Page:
- Associated Press - Saturday, June 27, 2015

ELY, Minn. (AP) - A warm morning breeze blew across Lynne Hill’s porch overlooking Burntside Lake as fire crews prepared to set a 750-acre fire nearby.

Hill felt confident the Forest Service would pull off the prescribed burn safely. But, just in case, Hill had laid out three hoses snaking through the skinny red pines surrounding her house.

“I’m going to keep an eye on it,” she said. “If it gets out of control, there’s nothing anybody can do, we’ll just hop in our car. I have a little overnight bag packed, just in case.”

Prescribed burns have become a ritual here the past few years, Minnesota Public Radio News (https://bit.ly/1ftRLbC ) reported. They’re designed to burn off brush and other fuel to help prevent even bigger wildfires. While it’s hard to escape the anxiety of a fire in the woods, there’s some comfort in watching how it’s done.

Last week, firefighters with the Superior National Forest intentionally started several large forest fires near Ely. A crew of about 50 on land, water and in the air was there to manage the burns.

“There’s a lot of radiant heat, if you notice, we’re getting sucked in a little bit,” Forest Service Public Information Officer Tim Engrav said as he and other officials examined the fires by boat about two hours after they were set. “The heat will draw the air in, pulling the boat towards shore.”

The boat stopped just a few feet from the fire, close enough to hear it crackle. A thick plume of smoke billowed into the sky above the rocky islands and cabins that dot the lake. At the shoreline, fire licked at the trunks of red and white pines, and then burned hot when it hit patches of balsam fir.

This prescribed burn is designed to slow down a wildfire that could start in the Boundary Waters Canoe Area Wilderness and move toward Ely.

When a fire comes out of the wilderness the wind will push it toward the area that’s already been burned, “and it’s going to drop down in intensity, and we’re going to be able to have a better chance of picking it up,” said Timo Rova, a fire management officer for the west zone of the Superior National Forest. “So this is protecting the community.”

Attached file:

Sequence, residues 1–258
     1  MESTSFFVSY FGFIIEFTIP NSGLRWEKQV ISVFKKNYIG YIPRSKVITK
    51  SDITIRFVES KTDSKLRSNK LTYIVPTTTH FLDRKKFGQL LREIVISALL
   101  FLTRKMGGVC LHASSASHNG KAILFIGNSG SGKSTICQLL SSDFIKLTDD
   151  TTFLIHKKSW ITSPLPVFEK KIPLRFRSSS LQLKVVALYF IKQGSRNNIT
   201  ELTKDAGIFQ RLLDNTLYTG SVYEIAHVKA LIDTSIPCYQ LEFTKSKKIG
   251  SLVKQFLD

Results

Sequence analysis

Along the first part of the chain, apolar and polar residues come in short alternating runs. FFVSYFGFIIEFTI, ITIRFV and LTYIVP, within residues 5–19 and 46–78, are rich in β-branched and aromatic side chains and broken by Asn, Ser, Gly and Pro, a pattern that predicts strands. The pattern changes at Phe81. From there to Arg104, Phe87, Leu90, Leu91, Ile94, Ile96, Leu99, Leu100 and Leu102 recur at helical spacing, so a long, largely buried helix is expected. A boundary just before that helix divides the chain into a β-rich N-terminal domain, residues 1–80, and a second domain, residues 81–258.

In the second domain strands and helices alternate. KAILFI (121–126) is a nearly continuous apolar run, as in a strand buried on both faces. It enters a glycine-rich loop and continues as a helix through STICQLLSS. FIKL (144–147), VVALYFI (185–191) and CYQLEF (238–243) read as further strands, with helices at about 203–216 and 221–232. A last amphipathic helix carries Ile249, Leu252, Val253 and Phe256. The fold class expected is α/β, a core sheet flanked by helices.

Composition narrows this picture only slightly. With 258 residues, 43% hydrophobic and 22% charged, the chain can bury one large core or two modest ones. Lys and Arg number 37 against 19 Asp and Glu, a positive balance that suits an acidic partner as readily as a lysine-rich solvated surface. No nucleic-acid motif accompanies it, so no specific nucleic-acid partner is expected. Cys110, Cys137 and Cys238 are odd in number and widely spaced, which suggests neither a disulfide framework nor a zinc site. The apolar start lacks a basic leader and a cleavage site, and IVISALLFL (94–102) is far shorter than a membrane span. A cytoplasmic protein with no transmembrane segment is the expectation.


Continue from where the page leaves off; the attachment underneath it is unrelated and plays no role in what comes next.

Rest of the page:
The prescribed fire will also help regenerate the forest by clearing out the highly flammable balsam fir that’s clogging the forest.

“We’ve got all these granddaddy and grandparent white pine, we don’t have any of their kids, or very few,” Rova said. “If we don’t do this, we don’t get their seeds down in here to start getting babies coming.”

Even with months of planning, there is a risk to prescribed fire. Sometimes the weather shifts unexpectedly, and fires can burn out of control.

Superior National Forest officials say they have had about a 99 percent success rate with controlling prescribed burns. But Rova says there are dangers of not doing them.

“All you have to do is look at all the states out west, where they didn’t allow it, and then they lost their communities to wildfire. Fires going 30 miles in a day. And we’re starting to see that again here,” Rova said, listing off several large fires in the last decade in Minnesota - Pagami Creek, Ham Lake, Cavity. “It’s going to happen if we don’t get out and do this kind of stuff.”

Fire has helped shape northern Minnesota’s forests for centuries. It’s how Burntside Lake got its name. In the early 1900s, though, the Forest Service began extinguishing every fire that ignited. Detractors called it the Smokey the Bear effect.

Without the natural loss of vegetation, however, forests became choked with trees. When wildfires start in those overgrown areas, they often burn too hot and dangerously for firefighters to be able to control them.

The Forest Service has been conducting more prescribed fires over the last decade or so. To minimize the risk along Burntside Lake, officials delayed the burn until conditions were optimal.

Soaking rains have dampened the forest, reducing the risk of the fire spreading, but the fuels are still dry enough to burn. They thinned parts of the forest in advance, but the burn still demands to be closely watched.

A float plane circled overhead, watching for spot fires. Crew leaders in boats monitored the blaze, and gave direction to firefighters on the ground who used torches to light the fire along the shore.

Slowly, a wall of fire rose up behind them. One of firefighter hooted out to others on the ground. That’s something the firefighters will do if they lose sight of each other, Engrav said.

Several crews were also positioned around the fire perimeter and near people’s homes, in case the fire broke containment. They were also stationed at campsites along the lake the Forest Service wants to protect.

There, firefighter Mike Rice demonstrated the art of the fire. Clad in the standard fireproof yellow shirt and green pants, he stretched out a long hose to create a wet fire line to protect this campsite. Then he used a drip torch to burn away from the line.

“So you can see the wick is lit, as that fuel passes over it, it just catches the flame, simple and effective,” he said. “The main objective is when we walk away, we’ve got a nice, cold black edge, and it’s going to be secure.”

On this day, everything goes as planned.

“What we’re really doing is putting fire back in and letting Mother Nature do what Mother Nature’s doing,” Rova said. We’re just trying to give it an opportunity, and get that thing started, and we stand back and let it do its thing.”

Back on land, the wind died down and smoke settled over Lynne Hill’s house.

“It makes me sad, anytime I see those huge trees, that you can’t get your arms around, light up in flame,” she said of the giant white pines she loved. “I’m glad it’s done, I’m glad it’s over with, I’m glad there was nothing unexpected that happened.”


Information from: Minnesota Public Radio News, https://www.mprnews.org

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